ISLAMABAD - The next general elections would not be affected even if the existing electoral constituencies are not delimitated while politically driven interests of the federal and provincial governments are to be held responsible for ignoring key electoral issues like population census, local bodies polls and delimitation of constituencies, a former Election Commission boss said.

“I don’t think the non-delimitation of electoral constituencies would have any significant impact on the electoral process. The constituencies delimitation should have been carried out but it’s not going to adversely affect the polls process even if not done,” former secretary Election Commission of Pakistan Kanwar Dilshad said. 

He spoke to this newspaper on Saturday to share views on a number of electoral issues involving the ECP’s preparedness for the general elections, delimitation of constituencies, population census, local bodies elections, usage of Electronic Voting Machines (EVMs) and new electoral rolls.

“The delimitation process cannot be carried out without population census. It was the duty of the federal government to conduct it. The ECP is not to be blamed in this regard. The Commission has no role in carrying out the census. The politicians have their vested interests coupled with ‘broader’ political motives which have kept the census process away from being carried out,” he said adding that the ECP had required data and relevant information to supervise the general polls in the existing electoral constituencies.

“The electoral rolls are ready. The voters data is there. In my opinion, there wouldn’t be any major difference if the general polls are held on the existing constituencies.”

The provincial governments, according to the former secretary, are to be blamed straightway for the non-conduct of local bodies elections in the provinces. “It was the responsibility of the provincial governments to make arrangements for the introduction of Local Government Act by means of legislations in the respective provincial assemblies but they have shown criminal apathy.  This has deprived the common man of having its representation at the grass root level besides preventing the democratic process from trickling down to the scratch.”

The electoral expert shared his reservations on the proposed introduction of EVMs in the general elections saying that it took over two-and-half decades for the neighbouring India to successfully launch this project. “It took India more than 25 years to finally get some results from the EVMs in the respective polls. How can we expect getting the desired results in some months? That doesn’t make sense. Even today, questions keep arising regarding the usage of EVMs in India.”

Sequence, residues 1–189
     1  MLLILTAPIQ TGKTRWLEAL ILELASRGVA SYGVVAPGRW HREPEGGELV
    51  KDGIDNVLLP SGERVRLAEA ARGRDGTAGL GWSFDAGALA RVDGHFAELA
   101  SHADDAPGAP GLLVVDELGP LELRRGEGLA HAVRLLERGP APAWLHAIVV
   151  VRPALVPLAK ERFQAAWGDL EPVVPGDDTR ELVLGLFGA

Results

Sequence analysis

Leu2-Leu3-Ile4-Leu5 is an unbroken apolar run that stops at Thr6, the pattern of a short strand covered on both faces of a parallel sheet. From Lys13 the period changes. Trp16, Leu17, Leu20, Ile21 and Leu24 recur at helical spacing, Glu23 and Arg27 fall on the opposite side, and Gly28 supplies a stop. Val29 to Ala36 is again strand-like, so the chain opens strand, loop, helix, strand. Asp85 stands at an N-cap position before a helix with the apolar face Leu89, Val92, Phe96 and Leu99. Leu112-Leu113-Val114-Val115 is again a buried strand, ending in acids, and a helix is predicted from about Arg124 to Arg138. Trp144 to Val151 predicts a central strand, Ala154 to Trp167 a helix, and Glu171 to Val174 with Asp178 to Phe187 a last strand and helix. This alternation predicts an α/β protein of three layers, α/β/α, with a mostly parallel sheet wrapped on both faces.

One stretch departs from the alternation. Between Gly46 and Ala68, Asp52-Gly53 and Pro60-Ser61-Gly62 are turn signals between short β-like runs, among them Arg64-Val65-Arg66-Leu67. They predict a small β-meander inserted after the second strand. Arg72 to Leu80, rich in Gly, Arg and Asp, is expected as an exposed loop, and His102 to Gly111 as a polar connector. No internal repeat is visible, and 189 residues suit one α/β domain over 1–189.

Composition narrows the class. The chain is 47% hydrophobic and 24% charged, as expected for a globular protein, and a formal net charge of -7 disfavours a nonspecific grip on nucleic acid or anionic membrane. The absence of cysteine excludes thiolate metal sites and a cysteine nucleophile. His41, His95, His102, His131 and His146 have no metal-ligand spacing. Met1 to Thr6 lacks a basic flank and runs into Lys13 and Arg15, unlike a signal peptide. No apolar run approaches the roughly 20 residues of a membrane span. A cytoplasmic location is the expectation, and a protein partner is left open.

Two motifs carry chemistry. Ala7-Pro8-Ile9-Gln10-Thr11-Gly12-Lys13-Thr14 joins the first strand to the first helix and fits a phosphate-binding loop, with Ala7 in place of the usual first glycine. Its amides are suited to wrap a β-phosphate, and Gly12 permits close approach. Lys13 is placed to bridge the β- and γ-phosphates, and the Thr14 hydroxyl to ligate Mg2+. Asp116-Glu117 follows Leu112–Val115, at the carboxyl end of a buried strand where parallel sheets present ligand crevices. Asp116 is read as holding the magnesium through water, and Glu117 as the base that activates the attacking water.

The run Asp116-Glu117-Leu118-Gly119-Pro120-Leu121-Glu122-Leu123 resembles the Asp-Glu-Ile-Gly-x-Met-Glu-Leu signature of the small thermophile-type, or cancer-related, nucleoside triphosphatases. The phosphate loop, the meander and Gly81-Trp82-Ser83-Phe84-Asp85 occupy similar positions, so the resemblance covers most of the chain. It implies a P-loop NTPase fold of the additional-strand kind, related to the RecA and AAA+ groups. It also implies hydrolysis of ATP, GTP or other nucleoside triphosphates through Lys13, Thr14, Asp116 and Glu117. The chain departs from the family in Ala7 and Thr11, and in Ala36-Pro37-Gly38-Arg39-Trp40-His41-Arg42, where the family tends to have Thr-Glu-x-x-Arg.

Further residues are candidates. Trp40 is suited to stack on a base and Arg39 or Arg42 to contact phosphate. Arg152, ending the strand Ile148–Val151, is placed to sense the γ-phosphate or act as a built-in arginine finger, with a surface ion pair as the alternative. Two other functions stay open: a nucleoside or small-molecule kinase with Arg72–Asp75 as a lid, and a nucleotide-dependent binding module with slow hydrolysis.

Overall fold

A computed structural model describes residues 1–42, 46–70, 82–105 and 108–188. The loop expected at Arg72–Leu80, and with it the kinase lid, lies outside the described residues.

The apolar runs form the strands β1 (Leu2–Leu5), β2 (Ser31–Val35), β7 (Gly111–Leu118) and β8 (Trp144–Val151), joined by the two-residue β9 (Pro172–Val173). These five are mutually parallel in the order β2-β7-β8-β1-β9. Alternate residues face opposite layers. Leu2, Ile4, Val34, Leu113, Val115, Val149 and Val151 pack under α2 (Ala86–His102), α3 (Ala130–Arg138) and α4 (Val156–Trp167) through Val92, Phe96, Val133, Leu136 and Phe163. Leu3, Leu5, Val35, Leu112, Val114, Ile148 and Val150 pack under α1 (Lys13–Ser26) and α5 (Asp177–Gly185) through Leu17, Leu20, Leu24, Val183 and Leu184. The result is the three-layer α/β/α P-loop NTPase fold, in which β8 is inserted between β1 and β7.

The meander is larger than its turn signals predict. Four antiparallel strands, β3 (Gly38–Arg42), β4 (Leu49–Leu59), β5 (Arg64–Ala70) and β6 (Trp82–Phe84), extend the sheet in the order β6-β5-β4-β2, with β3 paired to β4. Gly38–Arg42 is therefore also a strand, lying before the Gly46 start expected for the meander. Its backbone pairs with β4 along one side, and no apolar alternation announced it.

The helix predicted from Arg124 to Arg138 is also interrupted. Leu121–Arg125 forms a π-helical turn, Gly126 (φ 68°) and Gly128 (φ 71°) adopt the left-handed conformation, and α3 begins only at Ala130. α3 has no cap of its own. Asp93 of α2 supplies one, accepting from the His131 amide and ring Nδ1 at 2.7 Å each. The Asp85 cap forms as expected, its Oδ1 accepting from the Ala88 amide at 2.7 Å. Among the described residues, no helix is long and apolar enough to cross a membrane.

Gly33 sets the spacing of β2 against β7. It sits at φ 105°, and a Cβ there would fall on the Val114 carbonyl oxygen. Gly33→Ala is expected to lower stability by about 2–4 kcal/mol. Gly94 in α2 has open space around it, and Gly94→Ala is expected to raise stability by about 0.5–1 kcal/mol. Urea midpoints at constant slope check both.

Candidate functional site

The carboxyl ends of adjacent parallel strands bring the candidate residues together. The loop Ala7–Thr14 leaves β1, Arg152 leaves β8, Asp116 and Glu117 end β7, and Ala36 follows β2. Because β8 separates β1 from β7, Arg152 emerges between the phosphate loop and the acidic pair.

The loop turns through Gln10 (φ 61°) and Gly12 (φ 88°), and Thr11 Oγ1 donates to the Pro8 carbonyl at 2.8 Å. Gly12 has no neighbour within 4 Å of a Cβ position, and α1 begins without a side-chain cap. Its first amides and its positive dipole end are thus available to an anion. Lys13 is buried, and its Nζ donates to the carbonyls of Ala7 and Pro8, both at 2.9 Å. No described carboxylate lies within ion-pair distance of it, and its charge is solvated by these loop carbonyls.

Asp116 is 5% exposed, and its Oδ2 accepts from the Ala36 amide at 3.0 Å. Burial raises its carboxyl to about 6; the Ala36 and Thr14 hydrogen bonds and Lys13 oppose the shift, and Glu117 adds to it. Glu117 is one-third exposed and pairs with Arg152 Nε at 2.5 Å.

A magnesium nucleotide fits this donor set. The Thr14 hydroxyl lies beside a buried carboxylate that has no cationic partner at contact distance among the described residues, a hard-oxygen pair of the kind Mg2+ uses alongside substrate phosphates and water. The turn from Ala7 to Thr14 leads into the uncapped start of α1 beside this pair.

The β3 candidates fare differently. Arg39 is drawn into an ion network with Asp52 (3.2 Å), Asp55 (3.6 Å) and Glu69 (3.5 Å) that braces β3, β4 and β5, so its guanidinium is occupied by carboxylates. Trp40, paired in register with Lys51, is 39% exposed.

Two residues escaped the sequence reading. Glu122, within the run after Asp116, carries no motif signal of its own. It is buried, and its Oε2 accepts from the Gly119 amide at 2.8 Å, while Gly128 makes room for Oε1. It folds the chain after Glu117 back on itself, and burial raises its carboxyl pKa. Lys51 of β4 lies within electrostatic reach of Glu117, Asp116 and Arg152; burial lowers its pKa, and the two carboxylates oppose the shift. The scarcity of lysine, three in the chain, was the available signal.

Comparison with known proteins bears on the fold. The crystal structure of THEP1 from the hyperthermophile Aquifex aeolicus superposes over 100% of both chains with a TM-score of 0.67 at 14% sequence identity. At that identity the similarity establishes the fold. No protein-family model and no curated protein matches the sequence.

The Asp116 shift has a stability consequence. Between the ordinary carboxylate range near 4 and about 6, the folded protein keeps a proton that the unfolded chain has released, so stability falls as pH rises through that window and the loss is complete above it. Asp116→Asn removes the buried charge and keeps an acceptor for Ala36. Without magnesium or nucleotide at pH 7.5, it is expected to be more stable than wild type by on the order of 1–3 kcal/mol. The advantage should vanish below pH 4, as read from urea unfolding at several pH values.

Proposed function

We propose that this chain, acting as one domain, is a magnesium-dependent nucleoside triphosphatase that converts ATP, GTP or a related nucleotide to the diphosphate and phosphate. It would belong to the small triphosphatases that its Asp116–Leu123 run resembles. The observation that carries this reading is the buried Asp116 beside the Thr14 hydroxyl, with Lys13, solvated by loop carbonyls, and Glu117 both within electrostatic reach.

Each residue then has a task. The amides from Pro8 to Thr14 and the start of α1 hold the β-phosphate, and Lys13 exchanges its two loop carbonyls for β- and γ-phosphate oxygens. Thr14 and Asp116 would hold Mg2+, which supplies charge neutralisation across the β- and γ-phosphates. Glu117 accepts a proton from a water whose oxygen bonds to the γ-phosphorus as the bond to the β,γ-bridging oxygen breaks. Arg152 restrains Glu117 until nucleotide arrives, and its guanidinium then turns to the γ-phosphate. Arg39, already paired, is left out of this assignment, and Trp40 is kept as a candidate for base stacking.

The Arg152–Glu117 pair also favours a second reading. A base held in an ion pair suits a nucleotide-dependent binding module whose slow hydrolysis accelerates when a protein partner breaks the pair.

Referring to the demands from certain political circles as well as the ECP’s reiteration regarding the introduction of the Electronic Voting Machines in the next general elections, Dilshad said, “Some politicians who think that EVMs would fully modernise the electoral process are naïve enough not to understand the technicalities involve to this effect. Things cannot be done overnight. As I said, it took India more than 25 years to get desired results from the Electronic Voting Machines so we better not expect the same to happen here in a few months.”

The ex-ECP boss did not see any significant chances of foul play in the electoral process in future. “In my opinion, any chances of rigging, bogus voting or tampering with the votes in any way during polls have been reduced to minimum. The voters data is centrally computerised and the electoral rolls carrying over 84 million voters names are prepared on scientific basis with the centralisation of data. I can’t see any room of foul play in the elections in future.”

Commenting on the preparedness of the Election Commission for the conduct of general polls, Dilshad said, the Commission had resources and related expertise to hold general elections on a 90-day notice. “The Constitution of Pakistan empowers the ECP to exercise its control for the conduct of next general elections within 90 days. The Article 220 obligates the interim provincial and federal governments to assist the ECP in the exercise of its authority for this purpose,” he said.

The Article 220 says, “It shall be the duty of all executive authorities in the federation and in the provinces to assist the commissioner and the Election Commission in the discharge of his or their functions.”

“This article gets particularly applicable in the eve of the general polls when the parliamentary assemblies get dissolved,” the former secretary commented.